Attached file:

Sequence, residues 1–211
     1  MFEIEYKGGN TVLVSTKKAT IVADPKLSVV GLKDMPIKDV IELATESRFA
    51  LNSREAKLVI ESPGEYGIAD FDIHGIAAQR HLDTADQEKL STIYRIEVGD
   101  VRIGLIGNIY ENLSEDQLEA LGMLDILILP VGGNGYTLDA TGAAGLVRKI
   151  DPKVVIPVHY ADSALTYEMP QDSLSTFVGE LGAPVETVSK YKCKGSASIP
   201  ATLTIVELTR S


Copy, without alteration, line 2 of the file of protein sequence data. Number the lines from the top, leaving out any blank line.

     1  MFEIEYKGGN TVLVSTKKAT IVADPKLSVV GLKDMPIKDV IELATESRFA